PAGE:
If you’ve ever dieted, or happen to be dieting now, you know that by cutting carbs and calories you’ll lose weight, that’s for sure. But those between-meal hunger pains are vicious.
For more than a decade, nutritionists have investigated the issue of “satiety” — feeling full — to help us fight off hunger pains. The truth is by simply cutting calories and eating less you’ll often feel hungry, and worse “deprived”. Use these strategies, and soon you’ll be eating more, and feeling great.
Energy density: Volume versus calories
Feel full on fewer calories? It sounds like a diet gimmick. But in reality, the concept of energy density can indeed help you feel satisfied with fewer calories. In fact, well planned weight-loss diets use this concept to help you lose weight and keep it off long term.
Three factors play an important role in what makes food less calorie packed and more filling:
Water – Many fruits and vegetables are high in water, which provides volume but not calories.Grapefruit, for example, is about 90 percent water and has just 38 calories in a half-fruitserving. Carrots are about 88 percent water and have only 52 calories in 1 cup. Don’t forgetthe beloved watermelon, coming in at about 45 calories a slice. It’s the grapes versus raisinsconcept: A cup and a half of grapes equals ¼ cup raisins for a snack that is about 100 calories.The water in grapes lets you eat more, so you feel fewer hunger pains.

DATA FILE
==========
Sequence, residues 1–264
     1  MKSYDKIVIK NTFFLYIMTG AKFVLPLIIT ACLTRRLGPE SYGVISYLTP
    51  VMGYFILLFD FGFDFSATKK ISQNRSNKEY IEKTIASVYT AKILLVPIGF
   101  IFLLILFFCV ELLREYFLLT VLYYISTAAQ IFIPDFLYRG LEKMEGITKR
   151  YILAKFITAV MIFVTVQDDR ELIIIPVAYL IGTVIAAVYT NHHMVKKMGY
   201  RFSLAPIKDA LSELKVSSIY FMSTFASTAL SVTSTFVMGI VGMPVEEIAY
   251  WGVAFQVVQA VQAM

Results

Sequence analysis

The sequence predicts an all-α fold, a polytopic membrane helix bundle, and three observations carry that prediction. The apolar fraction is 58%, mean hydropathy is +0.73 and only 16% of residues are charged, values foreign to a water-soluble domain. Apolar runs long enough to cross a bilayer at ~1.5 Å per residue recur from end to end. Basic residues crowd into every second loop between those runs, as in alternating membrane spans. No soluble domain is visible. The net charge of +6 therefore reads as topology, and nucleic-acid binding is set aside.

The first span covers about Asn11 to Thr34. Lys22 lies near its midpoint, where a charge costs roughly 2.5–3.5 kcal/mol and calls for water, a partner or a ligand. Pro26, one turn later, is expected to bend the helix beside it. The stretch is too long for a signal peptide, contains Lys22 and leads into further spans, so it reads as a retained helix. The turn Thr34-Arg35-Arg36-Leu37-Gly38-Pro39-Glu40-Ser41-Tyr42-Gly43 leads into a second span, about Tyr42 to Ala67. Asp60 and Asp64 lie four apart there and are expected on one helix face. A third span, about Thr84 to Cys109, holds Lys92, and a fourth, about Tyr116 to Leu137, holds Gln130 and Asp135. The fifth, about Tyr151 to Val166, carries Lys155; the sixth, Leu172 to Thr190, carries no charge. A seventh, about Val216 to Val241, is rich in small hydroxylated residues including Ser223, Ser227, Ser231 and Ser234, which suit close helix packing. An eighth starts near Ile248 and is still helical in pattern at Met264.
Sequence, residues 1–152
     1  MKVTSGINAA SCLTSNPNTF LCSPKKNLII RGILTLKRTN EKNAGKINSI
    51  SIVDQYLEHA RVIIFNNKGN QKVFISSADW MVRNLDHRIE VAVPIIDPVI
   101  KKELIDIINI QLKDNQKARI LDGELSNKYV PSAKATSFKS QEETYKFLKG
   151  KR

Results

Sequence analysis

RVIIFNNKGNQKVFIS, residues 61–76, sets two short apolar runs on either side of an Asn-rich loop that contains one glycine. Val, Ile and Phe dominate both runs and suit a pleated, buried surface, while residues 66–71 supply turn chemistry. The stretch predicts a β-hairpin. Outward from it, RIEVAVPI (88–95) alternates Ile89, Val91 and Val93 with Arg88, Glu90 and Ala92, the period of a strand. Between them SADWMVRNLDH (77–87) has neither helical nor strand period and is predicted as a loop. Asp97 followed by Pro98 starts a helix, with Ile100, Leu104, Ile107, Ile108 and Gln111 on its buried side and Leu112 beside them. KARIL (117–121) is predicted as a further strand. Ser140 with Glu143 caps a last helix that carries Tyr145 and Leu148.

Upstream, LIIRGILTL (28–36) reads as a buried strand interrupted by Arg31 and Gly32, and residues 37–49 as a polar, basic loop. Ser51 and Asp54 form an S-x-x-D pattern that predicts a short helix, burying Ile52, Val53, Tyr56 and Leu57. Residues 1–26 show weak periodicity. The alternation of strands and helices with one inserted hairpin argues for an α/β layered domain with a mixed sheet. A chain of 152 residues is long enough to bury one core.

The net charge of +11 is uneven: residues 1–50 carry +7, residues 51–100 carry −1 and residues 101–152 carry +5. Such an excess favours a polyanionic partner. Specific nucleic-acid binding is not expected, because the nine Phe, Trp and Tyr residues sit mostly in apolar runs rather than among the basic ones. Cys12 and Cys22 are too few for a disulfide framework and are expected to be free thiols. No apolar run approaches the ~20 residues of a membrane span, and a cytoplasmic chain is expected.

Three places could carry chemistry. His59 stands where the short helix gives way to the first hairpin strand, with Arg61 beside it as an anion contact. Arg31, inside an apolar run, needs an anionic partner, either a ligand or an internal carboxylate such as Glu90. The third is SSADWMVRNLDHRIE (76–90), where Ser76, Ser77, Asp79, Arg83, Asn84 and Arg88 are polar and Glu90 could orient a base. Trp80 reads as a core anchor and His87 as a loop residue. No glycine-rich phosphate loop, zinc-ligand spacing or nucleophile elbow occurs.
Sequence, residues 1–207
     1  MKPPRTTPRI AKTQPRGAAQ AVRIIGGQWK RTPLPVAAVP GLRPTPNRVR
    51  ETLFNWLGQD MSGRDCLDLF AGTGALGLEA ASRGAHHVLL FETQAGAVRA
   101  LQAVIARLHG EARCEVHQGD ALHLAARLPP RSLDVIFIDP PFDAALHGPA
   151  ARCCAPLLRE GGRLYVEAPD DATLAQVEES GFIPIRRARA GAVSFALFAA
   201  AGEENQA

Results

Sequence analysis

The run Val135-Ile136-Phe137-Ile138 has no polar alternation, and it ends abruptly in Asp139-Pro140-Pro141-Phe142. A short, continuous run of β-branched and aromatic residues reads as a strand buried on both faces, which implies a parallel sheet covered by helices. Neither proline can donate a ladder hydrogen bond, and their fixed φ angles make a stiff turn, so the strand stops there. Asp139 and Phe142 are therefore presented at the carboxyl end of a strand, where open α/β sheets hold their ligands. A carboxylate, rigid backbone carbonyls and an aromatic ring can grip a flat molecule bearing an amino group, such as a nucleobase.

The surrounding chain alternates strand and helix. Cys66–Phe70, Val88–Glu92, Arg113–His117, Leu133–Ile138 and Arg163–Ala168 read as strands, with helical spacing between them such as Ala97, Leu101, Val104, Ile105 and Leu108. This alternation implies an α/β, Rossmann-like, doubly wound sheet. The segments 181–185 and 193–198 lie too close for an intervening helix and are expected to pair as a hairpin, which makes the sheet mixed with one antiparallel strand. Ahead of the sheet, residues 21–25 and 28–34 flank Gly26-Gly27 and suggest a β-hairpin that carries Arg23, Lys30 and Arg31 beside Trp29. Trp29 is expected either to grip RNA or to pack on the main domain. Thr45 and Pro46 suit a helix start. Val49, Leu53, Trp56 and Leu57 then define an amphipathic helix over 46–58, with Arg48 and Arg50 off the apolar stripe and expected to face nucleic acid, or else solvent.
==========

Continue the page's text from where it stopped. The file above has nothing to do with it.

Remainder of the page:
Fiber -High-fiber foods — such as vegetables, fruits and whole grains — not only provide volume, but also take longer to digest, making you feel full longer. Start with whole-wheat pasta, and then add abunch of your favorite sautéed veggies. Some of these new multi-grain pastas with Omega-3’s are reallytasty. The more you increase the proportion of vegetables to pasta, the greater the satiety. A high-fiberdiet may also help reduce the risk of heart disease and diabetes. When introducing more fiber in your dietbe sure to have adequate fluid intake…lots and lots of water.
Fat – Most fruits and vegetables do not contain a lot of fat. Fat raises energy density. One teaspoon of butter contains almost the same number of calories as 2 cups of raw broccoli;. but a tiny bit of fat helpsyou last longer. Your system burns carbs in an hour or two, so the hunger pains hit shortly after. If youadd a little fat to your meals, or snacks you’re not hungry so soon afterward. Think about substitutingolive oil instead of butter whenever possible.
By strategically increasing a meal’s water and fiber content — with the addition of fruits, vegetables, lean protein, and whole grains — you can dramatically cut the calories per portion.Try these simple suggestions:
- Soup. Start with a broth-based soup (rather than higher-calorie cream soups). Addyour favorite cut-up veggies, plus a protein such as beans, chicken, or fish, so you haveall the elements of an energy-dense, satisfying meal.
- Smoothies. If they’re made with low-fat yogurt and loads of fruit, you’re gettingprotein, fiber, and calcium.
- Popcorn. It’s truly energy dense, plus there’s the volume effect. If you have air-popped popcorn (and don’t add fat to it), you get a huge amount. That’s good because it gives you lots of sensory satisfaction. There’s research showing that the perception of eating a whole lot can trick the system, says webMD.
- Big salads. A meal-sized salad needs grated cheddar cheese, low-fat dressing, plus an abundance of fruits and veggies to provide satiety. If I just have vinegar and veggies in a saladyou’re likely to be hungry a few hours later.